I met a Chinese student in Beijing a few years earlier who intelligently and passionately argued that Chinese communism, although far from perfect, was infinitely better than the corruption and dog-eat-dog infighting that engulfs the USA (and this was pre-Trump). But he at least had some international reference points. With no external internet and foreign media restricted, none of the North Korean people we interacted with seemed to have this perspective.

One of our guides, a late twenty-something recent university graduate (all young people have to do five years of military service) asked my younger son what he was interested in at school, and he said debating. The guide asked what that was.

Despite this the people we met seemed neither gullible nor oblivious, and I suspect this is because their world view has been so completely formed. The generational stories of the battles against the Japanese and the Americans and their proudly isolationist struggle still form a strong part of today’s narrative.

Pride of place in the Korean War Museum – or the Victorious Fatherland Liberation War Museum, as it’s called – goes to the extensive collection of captured US weapons, including a ship. Huge pictures of captured US officers signing confessions and writing apologies feature.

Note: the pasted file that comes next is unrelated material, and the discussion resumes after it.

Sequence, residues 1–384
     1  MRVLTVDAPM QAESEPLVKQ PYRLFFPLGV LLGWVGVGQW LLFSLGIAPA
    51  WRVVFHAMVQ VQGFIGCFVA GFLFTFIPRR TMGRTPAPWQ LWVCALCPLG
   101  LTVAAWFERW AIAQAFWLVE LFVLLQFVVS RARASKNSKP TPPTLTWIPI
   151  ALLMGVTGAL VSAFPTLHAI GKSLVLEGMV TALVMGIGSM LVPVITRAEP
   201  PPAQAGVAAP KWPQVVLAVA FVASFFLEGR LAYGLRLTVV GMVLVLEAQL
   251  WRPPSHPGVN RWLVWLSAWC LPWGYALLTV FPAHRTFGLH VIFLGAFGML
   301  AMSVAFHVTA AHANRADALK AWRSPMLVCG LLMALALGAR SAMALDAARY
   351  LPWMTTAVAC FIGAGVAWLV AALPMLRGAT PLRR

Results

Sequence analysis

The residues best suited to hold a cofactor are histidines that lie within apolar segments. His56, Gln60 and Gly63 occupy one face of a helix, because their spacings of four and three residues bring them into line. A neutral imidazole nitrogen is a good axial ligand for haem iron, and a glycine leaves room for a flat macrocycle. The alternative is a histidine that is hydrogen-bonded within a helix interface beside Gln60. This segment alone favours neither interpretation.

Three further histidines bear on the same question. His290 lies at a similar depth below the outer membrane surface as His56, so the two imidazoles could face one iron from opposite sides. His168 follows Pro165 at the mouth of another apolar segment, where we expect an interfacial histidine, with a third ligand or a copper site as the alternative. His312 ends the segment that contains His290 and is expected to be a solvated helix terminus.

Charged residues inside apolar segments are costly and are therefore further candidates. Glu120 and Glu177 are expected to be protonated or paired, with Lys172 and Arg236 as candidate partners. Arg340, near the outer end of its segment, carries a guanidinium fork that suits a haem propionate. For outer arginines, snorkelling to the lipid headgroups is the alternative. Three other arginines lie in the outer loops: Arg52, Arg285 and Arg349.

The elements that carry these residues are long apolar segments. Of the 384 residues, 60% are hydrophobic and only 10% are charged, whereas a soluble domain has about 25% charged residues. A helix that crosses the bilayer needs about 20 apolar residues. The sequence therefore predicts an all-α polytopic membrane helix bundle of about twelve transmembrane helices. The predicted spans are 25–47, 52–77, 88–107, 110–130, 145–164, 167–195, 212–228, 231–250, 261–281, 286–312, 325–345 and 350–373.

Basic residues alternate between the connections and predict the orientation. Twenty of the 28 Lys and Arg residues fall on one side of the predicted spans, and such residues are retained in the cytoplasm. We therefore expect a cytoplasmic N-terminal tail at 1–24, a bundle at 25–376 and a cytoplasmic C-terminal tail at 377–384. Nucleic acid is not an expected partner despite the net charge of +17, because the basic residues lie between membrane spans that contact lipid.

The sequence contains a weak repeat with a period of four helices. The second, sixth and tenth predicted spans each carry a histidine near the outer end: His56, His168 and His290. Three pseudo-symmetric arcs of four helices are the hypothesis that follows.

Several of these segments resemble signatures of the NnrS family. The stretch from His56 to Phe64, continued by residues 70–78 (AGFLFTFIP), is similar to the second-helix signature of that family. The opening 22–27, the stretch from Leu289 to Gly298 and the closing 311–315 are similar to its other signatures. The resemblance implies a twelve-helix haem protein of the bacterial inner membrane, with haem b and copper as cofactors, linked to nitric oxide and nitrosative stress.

Pyongyang is supposedly a city of three million people, but it was difficult to reconcile that with what we saw. Although the Soviet playbook of big roads and impressive monuments is delivered strongly, the large boulevards were never full of vehicles or people, either on one of the six working days or on Sunday’s day of ‘rest’. Similarly the monuments and vast edifices we visited were usually empty. We were travelling in the middle of winter so there were few international visitors, but we were regularly told all these structures are also open to locals. Too busy walking to work, perhaps.

The metro we rode on has only two lines and 16 stations. It has better art than its Paris and New York equivalents, with dramatic multi-coloured chandeliers dominating the platforms and colourful brightly-lit murals of the leaders. However the light display doesn’t extend to the trains where the lighting is poor and the carriages badly ventilated.

The built history is all remarkably recent. None of the major buildings we toured were older than the 1960s. This is in part thanks to the violent 35-year Japanese occupation before the Second World War, and to the US bombing of the city during the Korean War which destroyed 75 percent of the city.